EPA and Courts Muscle Up on Climate as Congress Pusses Out
First there was Waxman-Markey, then there was Kerry-Lieberman. Pundits argued over whether there should be cap and trade or a carbon tax, or perhaps a carbon dividend, but they all pretty much agreed that there needed to be an official cost on carbon, and some sort of direction from the top on climate change. Slowly Democratic proposals for climate legislation were whittled away, watered down in attempts to play politics and win votes. It was the sort of I’ll see your nuclear plant and raise you a renewable energy credit politicking that has characterized the Democratic party for a while now and it was–surprise, surprise–ineffective. After giving away major concessions to keep cap and trade alive, including pollution credits that all but eliminated any benefit to be gained by such a system, the Dems hinted earlier this month that there was to be no climate legislation. Given the economy, the oil gusher, etc. efforts would instead be focused on an energy bill, one that addressed offshore drilling issues and moved the country away from fossil fuels and toward renewables.
The climate change camp was disappointed, but figured at least they’d get a good energy bill, and could fight for climate legislation next year. Not so fast. Yesterday, Senate Majority Leader Harry Reid (D-Nev.) conceded that talk of any such law would be delayed until the fall. Renewable energy industry groups, which were counting on the passage of a national renewable energy requirement (currently several states have renewable portfolio standards that require a percentage of utilities’ power be generated by renewable sources) to create jobs and stimulate the solar, wind and geothermal industries were pissed.
Denise Bode, CEO of the American Wind Energy Association, called the failure to pass an energy bill “an attack on every American worker and consumer.”
Reid seems to be thinking that by waiting until the fall, he could get climate legislation (and perhaps cap and trade) back into the bill, but with midterm elections coming up and the Democrats in danger of losing their majority in Congress, that sounds like a pipe dream. In the meantime, Reid said he would introduce a watered-down version of the bill next week. How much more watered down it could possibly get remains to be seen.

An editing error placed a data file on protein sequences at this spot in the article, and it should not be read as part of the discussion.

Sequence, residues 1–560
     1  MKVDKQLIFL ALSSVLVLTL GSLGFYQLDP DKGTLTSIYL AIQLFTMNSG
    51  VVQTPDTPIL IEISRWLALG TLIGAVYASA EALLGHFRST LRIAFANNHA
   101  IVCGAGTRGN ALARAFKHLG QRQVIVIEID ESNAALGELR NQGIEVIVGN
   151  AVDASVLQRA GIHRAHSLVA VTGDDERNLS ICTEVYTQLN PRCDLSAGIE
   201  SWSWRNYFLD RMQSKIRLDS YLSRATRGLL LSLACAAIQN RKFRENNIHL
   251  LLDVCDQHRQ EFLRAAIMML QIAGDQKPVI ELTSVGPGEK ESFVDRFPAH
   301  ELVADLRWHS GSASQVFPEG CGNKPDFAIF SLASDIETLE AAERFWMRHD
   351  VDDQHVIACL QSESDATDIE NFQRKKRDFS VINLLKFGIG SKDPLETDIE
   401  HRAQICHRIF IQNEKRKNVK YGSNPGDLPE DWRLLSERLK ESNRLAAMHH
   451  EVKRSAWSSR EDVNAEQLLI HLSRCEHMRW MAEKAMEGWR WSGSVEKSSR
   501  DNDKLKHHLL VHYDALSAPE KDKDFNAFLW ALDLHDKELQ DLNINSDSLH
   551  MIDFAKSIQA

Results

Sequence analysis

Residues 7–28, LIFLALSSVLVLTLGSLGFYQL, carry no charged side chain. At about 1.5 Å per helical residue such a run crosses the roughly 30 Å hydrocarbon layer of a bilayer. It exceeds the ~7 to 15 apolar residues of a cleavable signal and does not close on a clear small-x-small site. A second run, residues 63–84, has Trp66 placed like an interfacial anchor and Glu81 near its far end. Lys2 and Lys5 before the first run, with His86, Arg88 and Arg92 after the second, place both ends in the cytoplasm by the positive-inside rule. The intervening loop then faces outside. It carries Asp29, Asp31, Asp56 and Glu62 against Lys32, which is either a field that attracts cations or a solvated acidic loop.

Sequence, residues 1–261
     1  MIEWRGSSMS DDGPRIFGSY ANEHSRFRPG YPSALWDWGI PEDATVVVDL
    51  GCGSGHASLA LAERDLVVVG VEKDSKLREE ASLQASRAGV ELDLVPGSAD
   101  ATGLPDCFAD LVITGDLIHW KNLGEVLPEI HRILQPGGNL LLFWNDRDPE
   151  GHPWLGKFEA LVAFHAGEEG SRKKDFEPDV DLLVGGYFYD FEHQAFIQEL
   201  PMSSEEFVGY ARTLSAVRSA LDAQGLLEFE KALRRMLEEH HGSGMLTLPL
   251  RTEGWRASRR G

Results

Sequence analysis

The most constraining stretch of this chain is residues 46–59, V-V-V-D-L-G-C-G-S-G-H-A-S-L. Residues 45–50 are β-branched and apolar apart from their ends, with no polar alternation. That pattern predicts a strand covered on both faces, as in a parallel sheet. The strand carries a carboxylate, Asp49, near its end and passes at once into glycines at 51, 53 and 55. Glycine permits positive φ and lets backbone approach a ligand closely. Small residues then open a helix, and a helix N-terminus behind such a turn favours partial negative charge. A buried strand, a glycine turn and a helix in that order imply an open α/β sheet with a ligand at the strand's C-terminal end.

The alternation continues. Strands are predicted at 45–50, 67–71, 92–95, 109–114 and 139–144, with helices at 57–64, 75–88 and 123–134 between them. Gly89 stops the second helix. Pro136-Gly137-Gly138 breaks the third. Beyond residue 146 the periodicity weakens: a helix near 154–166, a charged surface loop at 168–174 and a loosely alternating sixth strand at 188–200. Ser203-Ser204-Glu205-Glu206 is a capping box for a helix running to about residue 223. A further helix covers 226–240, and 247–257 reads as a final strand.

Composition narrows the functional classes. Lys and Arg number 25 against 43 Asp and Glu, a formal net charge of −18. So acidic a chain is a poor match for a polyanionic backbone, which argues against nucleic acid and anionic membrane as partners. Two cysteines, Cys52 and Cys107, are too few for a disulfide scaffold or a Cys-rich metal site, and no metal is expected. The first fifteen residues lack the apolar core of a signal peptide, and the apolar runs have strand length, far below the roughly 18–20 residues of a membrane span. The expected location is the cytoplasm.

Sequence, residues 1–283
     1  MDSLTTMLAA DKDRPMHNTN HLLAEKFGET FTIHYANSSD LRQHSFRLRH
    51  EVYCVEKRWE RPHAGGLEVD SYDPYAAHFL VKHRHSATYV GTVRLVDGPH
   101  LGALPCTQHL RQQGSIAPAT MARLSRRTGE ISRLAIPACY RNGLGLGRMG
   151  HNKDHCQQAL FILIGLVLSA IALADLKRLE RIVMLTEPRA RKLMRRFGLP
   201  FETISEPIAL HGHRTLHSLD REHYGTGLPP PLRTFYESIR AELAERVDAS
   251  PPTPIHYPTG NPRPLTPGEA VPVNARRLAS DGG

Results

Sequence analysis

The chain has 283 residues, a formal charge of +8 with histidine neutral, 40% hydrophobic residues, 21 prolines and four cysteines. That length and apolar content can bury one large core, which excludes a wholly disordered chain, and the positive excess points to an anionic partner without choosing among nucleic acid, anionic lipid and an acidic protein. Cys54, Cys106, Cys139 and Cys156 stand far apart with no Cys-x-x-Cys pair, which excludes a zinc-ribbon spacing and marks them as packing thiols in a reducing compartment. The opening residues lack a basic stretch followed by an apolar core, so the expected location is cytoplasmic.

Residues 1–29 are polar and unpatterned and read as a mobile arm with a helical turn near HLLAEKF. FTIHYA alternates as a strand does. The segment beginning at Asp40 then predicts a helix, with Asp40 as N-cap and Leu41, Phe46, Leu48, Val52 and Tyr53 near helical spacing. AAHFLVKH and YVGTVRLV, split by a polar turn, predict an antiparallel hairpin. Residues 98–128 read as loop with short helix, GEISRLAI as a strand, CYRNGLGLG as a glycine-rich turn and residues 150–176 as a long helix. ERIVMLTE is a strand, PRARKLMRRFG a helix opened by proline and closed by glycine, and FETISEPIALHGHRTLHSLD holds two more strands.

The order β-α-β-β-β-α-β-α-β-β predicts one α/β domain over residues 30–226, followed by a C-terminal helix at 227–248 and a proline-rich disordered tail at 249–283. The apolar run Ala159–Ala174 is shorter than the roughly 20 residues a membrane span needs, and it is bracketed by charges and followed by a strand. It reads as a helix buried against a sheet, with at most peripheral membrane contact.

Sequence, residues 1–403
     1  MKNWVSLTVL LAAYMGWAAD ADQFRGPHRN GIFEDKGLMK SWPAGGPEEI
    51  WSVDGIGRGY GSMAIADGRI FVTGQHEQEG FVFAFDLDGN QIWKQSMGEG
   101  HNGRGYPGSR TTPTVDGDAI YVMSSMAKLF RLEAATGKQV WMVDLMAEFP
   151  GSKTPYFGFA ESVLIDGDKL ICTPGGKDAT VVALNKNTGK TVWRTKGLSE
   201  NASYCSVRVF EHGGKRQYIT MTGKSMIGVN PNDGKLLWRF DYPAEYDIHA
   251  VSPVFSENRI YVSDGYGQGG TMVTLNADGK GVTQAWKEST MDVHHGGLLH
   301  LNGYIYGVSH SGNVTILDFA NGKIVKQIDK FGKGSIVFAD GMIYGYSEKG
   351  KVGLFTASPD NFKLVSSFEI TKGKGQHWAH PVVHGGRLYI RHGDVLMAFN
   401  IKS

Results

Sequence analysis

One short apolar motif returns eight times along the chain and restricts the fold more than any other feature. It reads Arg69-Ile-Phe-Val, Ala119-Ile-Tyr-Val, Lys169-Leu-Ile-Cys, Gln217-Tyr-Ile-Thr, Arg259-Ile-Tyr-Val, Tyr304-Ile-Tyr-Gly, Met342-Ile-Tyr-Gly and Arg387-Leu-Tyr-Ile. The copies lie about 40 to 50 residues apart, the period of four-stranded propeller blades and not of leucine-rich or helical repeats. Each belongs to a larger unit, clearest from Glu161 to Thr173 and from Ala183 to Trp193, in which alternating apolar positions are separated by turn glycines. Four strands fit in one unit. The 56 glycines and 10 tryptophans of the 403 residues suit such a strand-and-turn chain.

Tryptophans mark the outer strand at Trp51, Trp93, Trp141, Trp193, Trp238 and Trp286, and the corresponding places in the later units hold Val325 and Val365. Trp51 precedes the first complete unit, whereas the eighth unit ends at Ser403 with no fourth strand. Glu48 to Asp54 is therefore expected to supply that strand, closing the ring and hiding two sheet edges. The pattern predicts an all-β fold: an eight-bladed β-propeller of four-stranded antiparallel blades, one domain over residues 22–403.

Some environmental activists saw the writing on the wall about climate legislation long ago and opted instead to focus their efforts on other branches of the government. A strengthening of the EPA’s rules on pollutants and greenhouse gases, for example, could deliver more immediate improvements. Vernice Miller-Travis, a consultant for The Lawyers’ Committee for Civil Rights Under Law, and co-author of a recent environmental justice report for The Committee, says she has been focusing on meeting with EPA officials to influence their rule-making, rather than targeting Congress. “Definitions for things like what constitutes hazardous solid waste are instrumental to how EPA enforces rules,” she says. “And if greenhouse gases and co-pollutants are appropriately included in Clean Air Act rule-making, those issues become part of the statutory process.
“Then no matter which administration is in place, or what happens with legislation, Clean Air rulemaking could enable the EPA to really drive process for reducing greenhouse gases and co-pollutants,” she explains. “And that would protect communities at the local level.”
Meanwhile, the judicial branch is getting involved as well. In what could prove to be an extremely influential case–Connecticut, et al. v. American Electric Power Co., et al.–Judge Peter Hall ruled in favor of the prosecution, which sought a court order for the utilities to reduce their greenhouse gas emissions. Hall stood behind the idea of taking legal action for the impacts of climate change, a strategy that has been defeated in the past because of a legal construct known as “the political question doctrine,” namely that the courts can’t rule in a way that essentially creates legislation or undermines a path the executive branch has taken. In In his 150-page ruling on the case, Hall wrote “The Supreme Court has stated, in the context of displacement of federal common law, that ‘Congress’s mere refusal to legislate … falls far short of an expression of legislative intent to supplant the existing common law in that area.’”
Hall also added, “Given the checks and balances among the three branches of our government, the judiciary can no more usurp executive and legislative prerogatives than it can decline to decide matters within its jurisdiction simply because such matters may have political ramifications.”
It’s great news that someone is taking up the charge in the absence of federal leadership, but the fact remains that despite having a Democratic President and a Democratic majority in both the House and the Senate, the Democratic party has failed to push anything through. Maybe this reaching across the aisle business isn’t such a great idea after all.
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